t Nexus, a start-up incubator at American Center New Delhi, cutting-edge businesses are learning how to develop and protect innovative ideas. Start-up founder Suchin Jain, whose company Inoviea patented a solar panel cleaning system that doesn’t require water or moving parts, says that working with the Nexus incubator helped him develop and focus his business. The 2019 Nexus start-up class “was a great learning experience that fine-tuned my understanding of the start-up process,” says Jain. He says the Nexus team guided and supported his start-up efforts. Nexus is a collaboration between U.S. Embassy New Delhi and the Alliance for Commercialization and Innovation Research (ACIR), a global nonprofit that supports economic development and growth through innovation. The Nexus start-up program brings “American best practices in entrepreneurship and incubation to India and links promising Indian start-ups with U.S. businesses,” says Erik Azulay, president of ACIR and manager of the Nexus program. ACIR is proud to be a part of “the U.S. Embassy’s commitment to supporting the Indian innovation ecosystem and joint U.S.-Indian prosperity.” At the incubator, start-up founders undergo a nine-week intensive course that covers everything from developing ideas and securing financing to pitching their product to customers. Intellectual property is a key focus of the Nexus program. By giving people ownership of their ideas, intellectual property allows entrepreneurs to protect their inventions, artists to sell their work and businesses to establish unique brands. Intellectual property is a foundation of modern business. For World Intellectual Property Day on April 26, President Joe Biden issued a proclamation highlighting the critical role “small businesses play in our society and the ways intellectual property can help support their continued growth and resilience.” In addition to the Nexus program, the U.S.

Suchin Jain’s company Inoviea patented a solar panel cleaning system that doesn’t require water or moving parts. He says the Nexus team guided and supported his start-up efforts.

Embassy is committed to supporting innovation in India through its U.S. Patent and Trademark Office in New Delhi, which educates students, entrepreneurs and startups across India on intellectual property protection and how to use it to mitigate business risks. Intellectual property training is crucial for start-ups, says Rahul Bagga, the managing director of Aumirah, an intellectual property analytics firm. Bagga mentors and trains start-up founders as part of the Nexus program. He says when starting a business, founders have to make sure they understand their own rights and the rights of others. During his trainings, Bagga addresses the rules of intellectual property systems in India, the United States and Europe, and how founders should protect their ideas under each system. He focuses on helping start-ups fit intellectual property into their broader business strategy and avoid getting overwhelmed by intellectual property issues. Nexus isn’t trying to turn start-up founders into “IP lawyers or professionals,” Bagga says. Rather, it’s trying to help start-ups make decisions and evaluate intellectual property as part of an overall plan. Inoviea has already patented its solar panel cleaning technology in India and has applied for a U.S. patent. Jain says Inoviea is growing at 100 percent year over year and has a positive cash flow. He says the Nexus program was “inspiring and gave me renewed focus to continue building on my passion for innovation.” Article courtesy ShareAmerica SEPTEMBER/OCTOBER 2021 13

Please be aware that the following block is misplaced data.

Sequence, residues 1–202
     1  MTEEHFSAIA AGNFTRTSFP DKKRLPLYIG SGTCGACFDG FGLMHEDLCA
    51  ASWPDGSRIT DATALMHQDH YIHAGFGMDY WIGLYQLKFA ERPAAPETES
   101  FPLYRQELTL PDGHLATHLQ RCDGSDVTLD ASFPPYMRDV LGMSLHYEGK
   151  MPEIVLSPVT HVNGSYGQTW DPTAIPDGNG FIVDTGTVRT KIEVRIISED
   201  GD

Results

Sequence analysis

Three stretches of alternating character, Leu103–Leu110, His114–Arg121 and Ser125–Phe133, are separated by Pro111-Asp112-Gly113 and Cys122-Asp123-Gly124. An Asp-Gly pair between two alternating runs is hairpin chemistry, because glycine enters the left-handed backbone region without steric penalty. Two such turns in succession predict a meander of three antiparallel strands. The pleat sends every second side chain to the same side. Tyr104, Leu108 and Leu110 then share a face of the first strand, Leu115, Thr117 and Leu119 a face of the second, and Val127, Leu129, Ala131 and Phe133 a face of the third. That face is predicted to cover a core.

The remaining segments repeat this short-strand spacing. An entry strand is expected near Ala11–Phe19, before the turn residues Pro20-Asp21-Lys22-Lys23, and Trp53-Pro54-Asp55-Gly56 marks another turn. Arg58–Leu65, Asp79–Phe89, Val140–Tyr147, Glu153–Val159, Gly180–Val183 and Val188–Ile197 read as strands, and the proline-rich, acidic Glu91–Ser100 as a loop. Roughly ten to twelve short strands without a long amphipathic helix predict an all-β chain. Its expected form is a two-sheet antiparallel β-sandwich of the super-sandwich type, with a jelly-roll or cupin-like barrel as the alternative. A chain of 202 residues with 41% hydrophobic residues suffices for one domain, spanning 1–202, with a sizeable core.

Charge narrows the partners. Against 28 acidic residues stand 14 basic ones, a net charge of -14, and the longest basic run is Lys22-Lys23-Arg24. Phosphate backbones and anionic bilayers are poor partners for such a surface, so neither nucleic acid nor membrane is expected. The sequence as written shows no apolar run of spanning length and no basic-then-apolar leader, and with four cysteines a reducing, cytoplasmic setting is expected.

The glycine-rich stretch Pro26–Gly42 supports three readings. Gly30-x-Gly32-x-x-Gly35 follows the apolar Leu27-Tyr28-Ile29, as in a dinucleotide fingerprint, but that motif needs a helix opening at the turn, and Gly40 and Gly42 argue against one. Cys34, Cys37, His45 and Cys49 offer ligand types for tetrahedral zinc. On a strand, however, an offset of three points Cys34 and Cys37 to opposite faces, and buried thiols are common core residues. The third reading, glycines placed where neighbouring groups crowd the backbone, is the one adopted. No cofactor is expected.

S Indian companies looking to invest in the United States have an ally at their side: SelectUSA.

Courtesy @SelectUSA/Twitter

electUSA is perhaps best known for its annual summit, which pairs businesses with economic development organizations representing potential municipal and state partners. The SelectUSA agency provides one-on-one assistance to companies to help them make informed decisions. Its services include explaining U.S. regulations and business rules, providing data and research reports, helping companies choose a geographic region, and facilitating networking with potential partners and resources. There is no minimum business size to receive assistance. “Small-tomedium businesses are really kind of our sweet spot,” U.S. Trade Commissioner Brenda VanHorn says. Companies from all sectors can work with SelectUSA. Pune-based Bharat Forge is building a large plant in North Carolina to supply the automotive and transportation industries. Mumbai’s Cipla Pharmaceuticals worked with SelectUSA to build a factory in Massachusetts to manufacture inhalers using innovative technology that doesn’t currently exist outside of India. SelectUSA partners with Indian companies interested in investing in the United States in a variety of sectors, including manufacturing and technology. Specialty programs include a new six-month Select Global Women in Tech Mentorship Network for female tech founders, entrepreneurs and executives. “Our mandate from Congress is to increase